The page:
“AI is about more than just increasing efficiency”
Daniel Abbou, Managing Director of the German AI Association, on AI and the common good, a new culture of sharing data, and the importance of data science as a school subject.
Mr Abbou, the German AI Association, is supporting the Civic Innovation Platform. Why is this project of interest to your organisation?
When we think of Artificial Intelligence, one of the first things that come to mind is raising efficiency. Yet, AI can lead to achieving so much more than this. It can be used in many areas such as applications for the benefit of the common good. The Civic Innovation Platform helps us to reach groups of people for whom AI is currently not yet an issue. We can show them how AI can help to improve society. That’s what makes the platform interesting for us.
As an association, you represent the interests of AI businesses. How is the industry doing at the moment?
If truth be told, we’re doing great. Obviously, the pandemic is leaving its mark on individual industries such as the event and culture sectors, which are going through difficult economic times at the moment. Even so, we were able to gain 80 to 100 new companies as members last year alone. Young companies and AI are currently experiencing a major upswing.
What do you think the reasons are for this upswing despite the coronavirus crisis?
Many digital and AI projects which had previously been postponed by companies have gained higher priority in the current situation. This is clearly reflected in our market.
"Among other things, an AI application for the benefit of the common good addresses people whose only access to the digital world is via their mobile phones. This also includes people with disabilities. If it is able to support individual people who are not privileged, AI will gain enormous significance for society as a whole."
What is your take on the promotion of AI in Germany? What aspects are working well? And in what areas do you see room for improvement?
As I see it, the guidelines for promoting young companies and start-ups in Germany are not always in sync with their reality. The high barriers for obtaining financial support and the various documentation obligations are a problem. Frequently, for example, young companies are unable to plan far into the future, even though this is precisely what is expected of them. The Civic Innovation Platform is a positive example in this respect as the hurdles for participating in it are low, meaning that young companies and start-ups can join it without any problems.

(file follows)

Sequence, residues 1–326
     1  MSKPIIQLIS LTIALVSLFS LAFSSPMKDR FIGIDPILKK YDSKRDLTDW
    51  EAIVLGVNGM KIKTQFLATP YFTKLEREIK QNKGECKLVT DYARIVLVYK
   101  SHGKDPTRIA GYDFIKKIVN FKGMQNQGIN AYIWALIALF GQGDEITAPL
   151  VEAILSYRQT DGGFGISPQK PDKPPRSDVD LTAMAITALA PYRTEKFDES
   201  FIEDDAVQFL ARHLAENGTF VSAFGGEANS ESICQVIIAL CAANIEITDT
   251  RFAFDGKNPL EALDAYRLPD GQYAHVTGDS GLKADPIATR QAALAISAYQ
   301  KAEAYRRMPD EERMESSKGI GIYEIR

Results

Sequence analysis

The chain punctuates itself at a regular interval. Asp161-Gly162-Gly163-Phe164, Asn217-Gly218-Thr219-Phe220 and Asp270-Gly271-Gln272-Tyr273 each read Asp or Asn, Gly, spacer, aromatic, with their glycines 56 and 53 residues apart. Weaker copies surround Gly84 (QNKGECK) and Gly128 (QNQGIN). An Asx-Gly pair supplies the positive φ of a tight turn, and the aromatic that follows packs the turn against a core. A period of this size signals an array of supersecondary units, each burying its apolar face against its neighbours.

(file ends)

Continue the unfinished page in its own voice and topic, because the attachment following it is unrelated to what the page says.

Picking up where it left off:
What do you think are the characteristics of a competent AI application for the benefit of the common good and what aspects are decisive in developing such applications?
Among other things, an AI application for the benefit of the common good addresses people whose only access to the digital world is via their mobile phones. This also includes people with disabilities. If it is able to support individual people who are not privileged, AI will gain enormous significance for society as a whole. This concerns very practical aspects such as using AI to reduce frustration at work. Future AI projects will also need to keep an eye on these groups.
Against this backdrop, how did you experience the first round of the “AI is what we make it” idea contest and what would you like to see for the future rounds?
What I liked was the range of ideas, such as an AI box which familiarises children with learning systems in a playful manner, AI-based data evaluation for identifying individual health risks and taking corresponding preventive measures, and ideas for physical exercises at work including real-time feedback on the execution of the exercise. I was also very impressed by how well the project groups and the Federal Ministry of Labour and Social Affairs (BMAS) worked together. It was thrilling to see the Policy Lab embark on an experiment in the form of the platform and the idea contest. As with any experiment, you learn from the experience gained. So, I’m pleased that things are continuing.